Mary Kocol for Tower Hill Botanic Garden at TowerHillBG.org
Great vegetable gardens begin long before planting time. It’s the pre-season work that lays the foundation for a productive growing season and baskets of harvest. Learn what to do to prepare your vegetable garden and soil for the growing season. Make these steps part of your annual gardening process to grow your best garden ever — every single time.
Make a list of what you want to grow this year, and commit a garden design to paper. Arrange crops in rows, blocks or even circles. The design is limited only by your imagination. Consider dividing your garden into sections, with one area for salad greens, one for tomatoes, peppers, onions and basil, and another for beans or potatoes. Treat your vegetable patch as a canvas, and release your inner artist as you arrange plantings.
Once you determine the plants you want to grow, take inventory of your seeds. Get any you’re missing, either by purchasing them or participating in a seed swap.
Take a walk through your garden, old design or new, and see what state your paths are in. Replace coverings as needed to keep feet dry and mud-free. Renew the edge on beds, at least along paths or any side facing lawn. These are tasks you can do even before soil is workable. It gives you an excuse to escape indoors, be in the garden and savor spring sunshine.
Staff for Tower Hill Botanic Garden at TowerHillBG.org
Draft a master vegetable garden shopping list, including categories for seeds, plants, fertilizer, stakes, compost, mulch and whatever else you might need. Take care to craft a very specific plant shopping list. It’s a key to making garden center trips efficient and cost-effective. It’s super easy to buy too many tomato or pepper plants, thinking you can just squeeze them in somewhere. Plants jammed too close yield less and often succumb to pests or disease.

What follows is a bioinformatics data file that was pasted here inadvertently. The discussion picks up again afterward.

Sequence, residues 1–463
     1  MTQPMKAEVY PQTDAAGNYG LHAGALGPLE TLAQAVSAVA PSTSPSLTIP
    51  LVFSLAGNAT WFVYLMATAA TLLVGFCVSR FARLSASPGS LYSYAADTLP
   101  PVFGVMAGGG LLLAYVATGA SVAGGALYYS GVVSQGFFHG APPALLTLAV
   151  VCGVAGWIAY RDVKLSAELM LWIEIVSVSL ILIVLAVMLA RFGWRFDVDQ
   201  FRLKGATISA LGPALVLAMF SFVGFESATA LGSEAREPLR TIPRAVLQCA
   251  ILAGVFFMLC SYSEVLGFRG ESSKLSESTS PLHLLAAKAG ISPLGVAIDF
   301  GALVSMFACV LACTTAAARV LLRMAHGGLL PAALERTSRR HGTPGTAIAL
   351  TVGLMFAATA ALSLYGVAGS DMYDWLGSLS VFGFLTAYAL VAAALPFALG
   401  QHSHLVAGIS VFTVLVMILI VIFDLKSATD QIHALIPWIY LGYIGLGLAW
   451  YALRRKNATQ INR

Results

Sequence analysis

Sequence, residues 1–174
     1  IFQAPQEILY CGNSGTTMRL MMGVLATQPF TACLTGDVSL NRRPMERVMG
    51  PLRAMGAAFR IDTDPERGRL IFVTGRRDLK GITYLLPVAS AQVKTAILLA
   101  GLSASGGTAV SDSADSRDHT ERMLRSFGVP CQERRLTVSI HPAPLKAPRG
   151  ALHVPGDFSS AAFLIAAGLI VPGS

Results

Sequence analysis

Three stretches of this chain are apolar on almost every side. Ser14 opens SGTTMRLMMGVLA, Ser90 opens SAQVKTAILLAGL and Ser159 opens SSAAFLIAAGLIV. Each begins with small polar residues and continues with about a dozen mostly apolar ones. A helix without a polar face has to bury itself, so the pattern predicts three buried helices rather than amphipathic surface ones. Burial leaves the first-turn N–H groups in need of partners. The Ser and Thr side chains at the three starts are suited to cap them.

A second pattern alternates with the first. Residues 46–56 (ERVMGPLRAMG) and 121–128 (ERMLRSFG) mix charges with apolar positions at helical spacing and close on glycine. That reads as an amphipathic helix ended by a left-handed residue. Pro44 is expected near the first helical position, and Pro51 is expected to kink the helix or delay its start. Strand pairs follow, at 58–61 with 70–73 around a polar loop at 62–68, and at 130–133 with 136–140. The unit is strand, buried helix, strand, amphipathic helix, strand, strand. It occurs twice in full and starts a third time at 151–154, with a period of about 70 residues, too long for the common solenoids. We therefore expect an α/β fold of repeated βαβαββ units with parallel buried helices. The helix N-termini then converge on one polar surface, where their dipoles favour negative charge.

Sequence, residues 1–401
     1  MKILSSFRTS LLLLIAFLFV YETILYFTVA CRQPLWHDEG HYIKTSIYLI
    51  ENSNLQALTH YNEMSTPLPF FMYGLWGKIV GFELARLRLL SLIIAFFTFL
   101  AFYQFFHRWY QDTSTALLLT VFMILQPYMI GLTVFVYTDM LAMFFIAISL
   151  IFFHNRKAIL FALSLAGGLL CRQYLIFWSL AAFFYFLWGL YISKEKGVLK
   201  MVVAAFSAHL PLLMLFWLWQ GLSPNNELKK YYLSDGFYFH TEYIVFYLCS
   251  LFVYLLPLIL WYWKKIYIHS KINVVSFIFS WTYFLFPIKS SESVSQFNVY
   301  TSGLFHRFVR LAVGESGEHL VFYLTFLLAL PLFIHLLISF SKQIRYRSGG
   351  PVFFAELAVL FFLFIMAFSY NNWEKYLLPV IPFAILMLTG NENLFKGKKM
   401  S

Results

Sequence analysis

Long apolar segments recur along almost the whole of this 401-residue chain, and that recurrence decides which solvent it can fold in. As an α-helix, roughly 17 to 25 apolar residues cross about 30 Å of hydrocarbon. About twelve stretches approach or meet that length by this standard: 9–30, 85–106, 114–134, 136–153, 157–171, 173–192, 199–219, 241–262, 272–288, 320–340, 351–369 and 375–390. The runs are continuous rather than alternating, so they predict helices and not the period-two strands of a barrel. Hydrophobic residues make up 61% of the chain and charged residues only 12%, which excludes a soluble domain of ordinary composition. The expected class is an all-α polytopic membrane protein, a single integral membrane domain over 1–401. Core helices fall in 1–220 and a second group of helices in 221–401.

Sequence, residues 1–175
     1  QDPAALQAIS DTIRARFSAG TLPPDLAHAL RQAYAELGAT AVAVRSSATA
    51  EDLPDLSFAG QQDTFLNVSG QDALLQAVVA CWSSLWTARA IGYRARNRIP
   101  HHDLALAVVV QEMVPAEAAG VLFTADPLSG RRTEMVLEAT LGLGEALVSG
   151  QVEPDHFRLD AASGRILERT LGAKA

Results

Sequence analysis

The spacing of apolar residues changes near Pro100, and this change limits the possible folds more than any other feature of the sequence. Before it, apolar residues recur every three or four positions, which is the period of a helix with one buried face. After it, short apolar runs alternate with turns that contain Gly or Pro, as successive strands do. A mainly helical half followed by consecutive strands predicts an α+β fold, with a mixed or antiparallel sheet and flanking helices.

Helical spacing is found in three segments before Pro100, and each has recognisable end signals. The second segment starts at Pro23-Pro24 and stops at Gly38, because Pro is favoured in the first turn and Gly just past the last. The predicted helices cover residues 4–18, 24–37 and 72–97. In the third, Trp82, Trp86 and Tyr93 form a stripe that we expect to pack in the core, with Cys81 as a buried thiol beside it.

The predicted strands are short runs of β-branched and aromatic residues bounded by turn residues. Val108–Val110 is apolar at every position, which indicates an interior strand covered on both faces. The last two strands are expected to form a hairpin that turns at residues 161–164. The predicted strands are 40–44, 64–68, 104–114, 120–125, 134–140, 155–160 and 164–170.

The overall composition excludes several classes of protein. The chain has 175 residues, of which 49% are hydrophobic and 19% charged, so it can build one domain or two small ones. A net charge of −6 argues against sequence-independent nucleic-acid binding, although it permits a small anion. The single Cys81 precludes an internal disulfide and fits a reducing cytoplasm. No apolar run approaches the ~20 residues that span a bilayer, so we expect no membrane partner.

No vegetable garden can ever have too much organic matter. Keep adding compost, leaves, shredded hardwood bark or other soil conditioner to nourish and build soil. Latest research shows that, like in the forest, you can simply layer organic matter onto soil to reap its benefits. You don’t have to work it into soil, but you should add a mulch layer, especially in vegetable gardens.
Soil is ready to be dug and planted when it’s not too wet or too dry. It needs a just-right consistency that’s similar in texture to moist cake. It should compress when you squeeze a handful, but should also easily crumble after the squeeze. Avoid digging in soil that’s too wet. You can actually damage soil structure, which creates an unfriendly root zone. The soil shown below shows that ideal consistency for planting.
Hard, compacted soil offers a challenging environment for roots. Loosen soil in planting beds and raised beds to aerate soil and create the perfect growing situation for plants. A broadfork offers a hand-powered alternative to a rototiller. To operate it, plunge the 12-inch-long tines into the soil and rock the handles back and forth. Why choose a broadfork over a tiller? When a tiller turns soil over, it brings up buried weed seeds, which can sprout and give you a weed-filled garden.
Get a jump on weeds before the planting season begins. Many cool-season weeds, including perennial weeds like dandelion, pop up long before it’s time to plant. Use gardening’s pre-season to hand-pull weeds. A Korean hand plow (sometimes called a ho-mi) is the perfect all-in-one tool for the vegetable garden. Use it to dig weeds, create planting holes, loosen soil, form rows — and countless other tasks.
It takes a lot of different parts and pieces to pull off a successful vegetable garden. Don’t forget to check items like stakes, trellises and small fences. Make repairs as needed, or purchase replacements. Also double-check your tie supply (twine, cotton string, soft twist ties, etc.).
Prior to planting and after soil is workable, go ahead and get stakes into the garden for plants like tomatoes. Adding stakes prior to planting gives you a chance to fine-tune plant spacing and adjust your shopping list as needed. Get your bean or pea fences in place, too, along with any hoop supports if you’re using a growing tunnel for squash to keep vine borers at bay.